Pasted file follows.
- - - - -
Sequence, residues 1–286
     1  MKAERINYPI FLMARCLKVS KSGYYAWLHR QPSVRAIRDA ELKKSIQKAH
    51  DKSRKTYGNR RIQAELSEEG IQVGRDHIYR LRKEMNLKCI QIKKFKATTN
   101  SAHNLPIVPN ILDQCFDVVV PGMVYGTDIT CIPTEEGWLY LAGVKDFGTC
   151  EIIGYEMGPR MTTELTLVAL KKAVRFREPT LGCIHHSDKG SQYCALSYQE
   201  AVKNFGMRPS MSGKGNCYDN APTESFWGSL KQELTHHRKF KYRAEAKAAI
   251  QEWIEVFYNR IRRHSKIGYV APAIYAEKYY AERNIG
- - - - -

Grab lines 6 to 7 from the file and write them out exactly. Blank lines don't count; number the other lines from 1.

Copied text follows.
   201  AVKNFGMRPS MSGKGNCYDN APTESFWGSL KQELTHHRKF KYRAEAKAAI
   251  QEWIEVFYNR IRRHSKIGYV APAIYAEKYY AERNIG